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Should the DWP be axed?

A leading cross-party thinktank DEMOS has proposed that ministers should consider abolishing the Department for Work and Pensions.

“In the thought-provoking paper, entitled Pathways from Poverty: a case for Institutional reform, Pollard explains why he believes that the DWP is institutionally and culturally incapable of making the reforms needed to deliver better outcomes for society’s most vulnerable and sets out a radical new vision for the future of welfare provision.”

Read more…for and against this idea:

Replace it with what though? Its HUGE. Deals with so many things, not just PIP, but pensions as well. I have always found any department i have spoken to they have been quick with answers and reassuring. when i lost my husband and got my pension the lady on the phone even explained to me that i could make up to have a full pension, because i worked enough hours to incude the time off for having my children. I didnt know that and it made a huge difference to my finances.

the guy who dealt with my husbands death explained i could take a proportion of his pension i didnt know that.

It is a huge operation and there are bound to be glitches as there have been many changes for them to deal with over the years.

Also its down to computers and we all know we are only as good as our computer lets us be lol.

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Piffle. This is just a big hoo-har and storm in a tea cup. As said above, replace it with what? Its like saying, lets abolish the NHS. Oh yeah and how you gonna get on then.

Saying what we have is not working, lets demolish it is EASY for politicians. Looking as society and finding the root causes of poverty, inequality and why some people are being failed by the benefit system is a whole other can of worms.

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The DWP used to be the department of health and social security didn’t it ?

That’s what it should go back to being in my humble opinion.

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Surely the real problem is that the DWP are stuck with implementing the inhumane policies of this Tory Government, and that is what needs to change.

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The Demos plan is to divide the DWP into 3:

  1. have Jobcentres run by the local Borough Council for the unemployed (ie job seekers).

  2. have ESA folk managed by the Department of Health and Social Care (ie the ‘hard to help’ sick and disabled)

  3. have welfare payments managed by HM Treasury Department.

In a way this would be bringing back the role of the Department of Health and Social Security.

DEMOS argues, the DWP is so tarnished and costly, it cannot be reformed. I think this policy might be taken up by one of the parties come the next election. The current DWP policy is too expensive.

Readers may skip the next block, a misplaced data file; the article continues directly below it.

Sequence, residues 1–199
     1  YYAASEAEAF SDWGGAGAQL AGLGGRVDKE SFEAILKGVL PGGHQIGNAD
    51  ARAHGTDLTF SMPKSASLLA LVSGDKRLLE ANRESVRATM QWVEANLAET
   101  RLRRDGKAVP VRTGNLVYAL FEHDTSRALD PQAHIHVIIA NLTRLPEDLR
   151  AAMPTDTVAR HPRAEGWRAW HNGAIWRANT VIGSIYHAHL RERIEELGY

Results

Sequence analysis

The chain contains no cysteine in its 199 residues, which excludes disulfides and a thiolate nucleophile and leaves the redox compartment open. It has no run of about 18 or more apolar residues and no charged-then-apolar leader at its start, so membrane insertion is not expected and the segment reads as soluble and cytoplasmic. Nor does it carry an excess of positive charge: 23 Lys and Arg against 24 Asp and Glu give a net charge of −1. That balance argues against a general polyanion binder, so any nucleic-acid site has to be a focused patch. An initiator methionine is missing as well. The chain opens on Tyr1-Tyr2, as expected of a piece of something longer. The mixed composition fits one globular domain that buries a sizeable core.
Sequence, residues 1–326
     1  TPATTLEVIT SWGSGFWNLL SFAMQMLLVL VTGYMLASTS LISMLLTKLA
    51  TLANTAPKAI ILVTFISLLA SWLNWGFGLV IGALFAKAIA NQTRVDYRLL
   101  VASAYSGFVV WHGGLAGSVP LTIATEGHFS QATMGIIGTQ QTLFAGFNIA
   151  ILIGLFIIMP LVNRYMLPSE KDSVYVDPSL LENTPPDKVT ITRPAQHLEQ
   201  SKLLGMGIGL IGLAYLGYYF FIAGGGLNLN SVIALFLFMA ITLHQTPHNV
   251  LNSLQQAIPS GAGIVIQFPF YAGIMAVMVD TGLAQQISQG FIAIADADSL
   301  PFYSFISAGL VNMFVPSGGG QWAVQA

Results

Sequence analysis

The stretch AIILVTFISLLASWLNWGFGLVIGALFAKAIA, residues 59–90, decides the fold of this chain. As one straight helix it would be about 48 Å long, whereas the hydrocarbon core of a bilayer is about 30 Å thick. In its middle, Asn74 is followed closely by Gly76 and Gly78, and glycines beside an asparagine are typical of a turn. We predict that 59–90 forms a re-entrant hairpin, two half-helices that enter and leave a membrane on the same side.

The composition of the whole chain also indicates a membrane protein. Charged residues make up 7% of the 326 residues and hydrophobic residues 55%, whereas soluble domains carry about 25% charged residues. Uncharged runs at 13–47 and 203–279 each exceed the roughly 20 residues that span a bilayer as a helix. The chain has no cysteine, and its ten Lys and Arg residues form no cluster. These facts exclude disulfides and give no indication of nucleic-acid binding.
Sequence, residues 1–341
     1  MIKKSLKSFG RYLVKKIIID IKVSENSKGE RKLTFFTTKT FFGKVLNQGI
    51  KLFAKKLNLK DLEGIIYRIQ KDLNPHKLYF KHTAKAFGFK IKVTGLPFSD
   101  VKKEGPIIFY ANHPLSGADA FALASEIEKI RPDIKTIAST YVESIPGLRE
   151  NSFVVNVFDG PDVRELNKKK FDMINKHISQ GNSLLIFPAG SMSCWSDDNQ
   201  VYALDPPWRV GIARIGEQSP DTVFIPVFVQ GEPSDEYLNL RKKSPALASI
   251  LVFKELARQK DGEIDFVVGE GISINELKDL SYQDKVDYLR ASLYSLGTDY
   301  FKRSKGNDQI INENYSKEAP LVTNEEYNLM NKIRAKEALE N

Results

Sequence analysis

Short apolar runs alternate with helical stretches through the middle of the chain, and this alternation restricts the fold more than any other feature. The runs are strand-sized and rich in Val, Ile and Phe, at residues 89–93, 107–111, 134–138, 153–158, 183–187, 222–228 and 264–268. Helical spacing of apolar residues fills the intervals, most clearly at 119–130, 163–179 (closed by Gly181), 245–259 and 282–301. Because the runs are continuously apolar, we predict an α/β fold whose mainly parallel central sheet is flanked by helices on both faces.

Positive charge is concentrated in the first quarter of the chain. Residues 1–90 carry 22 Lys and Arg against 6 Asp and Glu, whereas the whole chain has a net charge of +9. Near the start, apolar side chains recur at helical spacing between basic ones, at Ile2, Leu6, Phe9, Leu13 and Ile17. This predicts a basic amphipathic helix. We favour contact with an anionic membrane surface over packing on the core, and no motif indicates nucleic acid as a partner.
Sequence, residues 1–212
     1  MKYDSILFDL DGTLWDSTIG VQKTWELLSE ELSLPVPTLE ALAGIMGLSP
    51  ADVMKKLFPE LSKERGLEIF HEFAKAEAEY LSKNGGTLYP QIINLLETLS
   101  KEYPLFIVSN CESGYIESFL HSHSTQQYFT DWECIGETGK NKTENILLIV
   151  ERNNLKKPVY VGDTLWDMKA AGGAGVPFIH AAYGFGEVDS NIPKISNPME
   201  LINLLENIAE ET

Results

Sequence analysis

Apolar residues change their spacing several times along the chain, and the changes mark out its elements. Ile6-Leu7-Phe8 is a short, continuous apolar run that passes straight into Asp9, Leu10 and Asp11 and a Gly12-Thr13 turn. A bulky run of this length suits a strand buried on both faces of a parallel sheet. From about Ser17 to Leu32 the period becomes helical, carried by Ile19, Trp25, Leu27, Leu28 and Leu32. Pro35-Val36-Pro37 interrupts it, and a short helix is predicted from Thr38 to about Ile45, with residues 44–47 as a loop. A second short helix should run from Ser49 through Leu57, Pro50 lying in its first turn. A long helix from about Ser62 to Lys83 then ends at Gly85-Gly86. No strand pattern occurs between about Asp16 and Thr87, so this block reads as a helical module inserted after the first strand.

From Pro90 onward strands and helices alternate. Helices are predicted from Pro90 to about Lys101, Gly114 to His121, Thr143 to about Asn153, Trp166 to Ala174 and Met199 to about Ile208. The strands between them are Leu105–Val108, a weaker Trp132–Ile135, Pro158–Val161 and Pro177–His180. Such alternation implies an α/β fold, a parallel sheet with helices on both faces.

I love that expression Piffle. I agree.

We need to sort out society first and get it working better, before we mess about with the overworked DWP department.

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It’s the government that needs to change, not the DWP!

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I tend to agree with Reddivine, piffle.

The DWP may not in its current form be fit for purpose (agreed), but it is an immense Department, and any replacement would be hogtied by replacing existing benefits and moving people over to new style support. Not to mention all the transitional protections that would be needed. And a new computer system (or three). Then you’ve got the problem of staffing and training / retraining. Not to mention cost.

Just the writing of new regulations would take armies of people, and then those regulations have to be translated into computer systems, staff need to learn the new systems (and don’t forget, these would probably have to be mostly existing staff, who are knackered from all the changes that they are constantly besieged by), and of course all the welfare advisors need training. Plus there’s the roll out to the public.

If we (ie the U.K.) have the billions of pounds such a change would cost, then we would surely have enough money to revise and simplify the existing system. Make it fit for purpose, make it fairer and more transparent. Recruit actual employees rather than rely on contractors to deliver the services, and fully train those in the changes that would be necessary.

The original welfare state was never perfect. It sounded better than it actually was. People who look fondly back to the DHSS are also forgetting how widespread was the criticism of the Department then. Regardless of the systems we have had, and any changes that happen in the future, let’s not forget how convoluted the welfare provision in this country has become. And any changes are going to be resisted because any changes will mean some people will lose out. They would have to because the system already costs too much.

I am very far away from suggesting the system works as it is now, and am by no means an apologist for the current (insert moderated phrase here) government. But simply saying ‘we’ll scrap it and replace it with XYZ system’ is no answer either.

Sue

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